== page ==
Alto Saxophone Solo – Psalm 51

February 17th, 2012

This alto saxophone solo is a musical depiction of Psalm 51; a biblical text describing David’s sorrow over his sin. Using a concert A drone (from any source you want) to create harmonic tension and release throughout the solo, the music follows the same emotional path that the psalm does. It begins in lament and brokenness and slowly moves towards repentance, and restoration.

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Below is the text off of which this alto saxophone solo is based:

Have mercy on me, O God,
   according to your unfailing love;
according to your great compassion
   blot out my transgressions.
Wash away all my iniquity
   and cleanse me from my sin.

For I know my transgressions,
   and my sin is always before me.
Against you, you only, have I sinned
   and done what is evil in your sight;
so you are right in your verdict
   and justified when you judge.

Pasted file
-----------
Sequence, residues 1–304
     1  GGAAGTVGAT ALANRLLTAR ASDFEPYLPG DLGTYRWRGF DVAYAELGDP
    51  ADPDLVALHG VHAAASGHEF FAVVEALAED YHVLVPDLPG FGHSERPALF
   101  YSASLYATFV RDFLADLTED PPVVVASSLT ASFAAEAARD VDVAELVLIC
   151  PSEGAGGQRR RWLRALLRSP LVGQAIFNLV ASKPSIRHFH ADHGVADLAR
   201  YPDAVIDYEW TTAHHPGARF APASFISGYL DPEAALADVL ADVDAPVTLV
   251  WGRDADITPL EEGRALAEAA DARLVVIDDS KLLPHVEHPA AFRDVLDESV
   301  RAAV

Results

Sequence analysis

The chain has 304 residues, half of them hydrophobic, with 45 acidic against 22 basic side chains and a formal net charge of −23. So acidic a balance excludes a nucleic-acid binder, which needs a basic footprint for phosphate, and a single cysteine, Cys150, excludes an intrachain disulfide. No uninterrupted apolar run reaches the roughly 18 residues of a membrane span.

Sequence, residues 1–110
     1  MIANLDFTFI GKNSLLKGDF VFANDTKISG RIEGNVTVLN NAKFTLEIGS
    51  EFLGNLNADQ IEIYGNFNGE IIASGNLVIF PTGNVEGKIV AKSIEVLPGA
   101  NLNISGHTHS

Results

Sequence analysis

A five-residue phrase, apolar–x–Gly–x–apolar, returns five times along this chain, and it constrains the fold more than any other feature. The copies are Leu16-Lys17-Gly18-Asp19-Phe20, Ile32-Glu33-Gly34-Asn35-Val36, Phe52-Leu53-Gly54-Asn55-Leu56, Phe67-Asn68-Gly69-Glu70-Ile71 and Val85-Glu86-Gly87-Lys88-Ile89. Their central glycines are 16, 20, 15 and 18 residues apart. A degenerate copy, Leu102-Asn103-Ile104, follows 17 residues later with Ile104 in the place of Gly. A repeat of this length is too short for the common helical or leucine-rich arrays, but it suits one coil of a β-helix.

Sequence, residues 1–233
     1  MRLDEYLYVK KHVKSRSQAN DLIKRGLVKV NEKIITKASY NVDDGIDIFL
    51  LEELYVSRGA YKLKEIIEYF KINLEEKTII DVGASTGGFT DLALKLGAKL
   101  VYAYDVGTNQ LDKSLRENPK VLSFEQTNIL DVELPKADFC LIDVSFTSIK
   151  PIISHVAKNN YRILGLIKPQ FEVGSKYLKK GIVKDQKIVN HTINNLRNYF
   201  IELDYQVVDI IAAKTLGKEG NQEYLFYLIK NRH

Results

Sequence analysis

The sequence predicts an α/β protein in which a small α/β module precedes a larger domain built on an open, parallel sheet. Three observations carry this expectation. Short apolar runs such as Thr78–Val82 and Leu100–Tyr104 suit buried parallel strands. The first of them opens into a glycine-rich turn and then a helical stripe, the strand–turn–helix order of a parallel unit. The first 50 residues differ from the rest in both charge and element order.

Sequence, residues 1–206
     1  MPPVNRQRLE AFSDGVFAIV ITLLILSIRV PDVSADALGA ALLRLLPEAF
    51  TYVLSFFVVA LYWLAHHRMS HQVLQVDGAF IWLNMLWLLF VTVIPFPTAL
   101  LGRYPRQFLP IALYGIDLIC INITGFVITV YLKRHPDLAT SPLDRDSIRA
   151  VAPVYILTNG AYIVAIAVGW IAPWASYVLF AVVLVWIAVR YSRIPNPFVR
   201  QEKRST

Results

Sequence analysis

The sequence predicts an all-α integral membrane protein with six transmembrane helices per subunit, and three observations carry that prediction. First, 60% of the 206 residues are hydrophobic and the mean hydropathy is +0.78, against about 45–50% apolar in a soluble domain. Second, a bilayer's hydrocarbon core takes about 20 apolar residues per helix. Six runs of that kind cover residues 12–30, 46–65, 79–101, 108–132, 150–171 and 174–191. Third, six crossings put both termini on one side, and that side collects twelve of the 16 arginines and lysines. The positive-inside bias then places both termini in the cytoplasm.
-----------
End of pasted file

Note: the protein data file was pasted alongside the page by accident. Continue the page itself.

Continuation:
Surely I was sinful at birth,
   sinful from the time my mother conceived me.
Yet you desired faithfulness even in the womb;
   you taught me wisdom in that secret place.

Cleanse me with hyssop, and I will be clean;
   wash me, and I will be whiter than snow.
Let me hear joy and gladness;
   let the bones you have crushed rejoice.
Hide your face from my sins
   and blot out all my iniquity.

Create in me a pure heart, O God,
   and renew a steadfast spirit within me.
Do not cast me from your presence
   or take your Holy Spirit from me.
Restore to me the joy of your salvation
   and grant me a willing spirit, to sustain me.

Then I will teach transgressors your ways,
   so that sinners will turn back to you.
Deliver me from the guilt of bloodshed, O God,
   you who are God my Savior,
   and my tongue will sing of your righteousness.
Open my lips, Lord,
   and my mouth will declare your praise.
You do not delight in sacrifice, or I would bring it;
   you do not take pleasure in burnt offerings.
My sacrifice, O God, is a broken spirit;
   a broken and contrite heart
   you, God, will not despise.

May it please you to prosper Zion,
   to build up the walls of Jerusalem.
Then you will delight in the sacrifices of the righteous,
   in burnt offerings offered whole;
   then bulls will be offered on your altar.

-Psalm 51 (NIV)

Art and Imagination

November 29th, 2010

This an essay that a good (anonymous) friend of mine wrote a while back.  It seems to tie some of the things that we’ve been discussing together and I’m exited about showing this to all of you.  Don’t forget to click the “like” button on the bottom!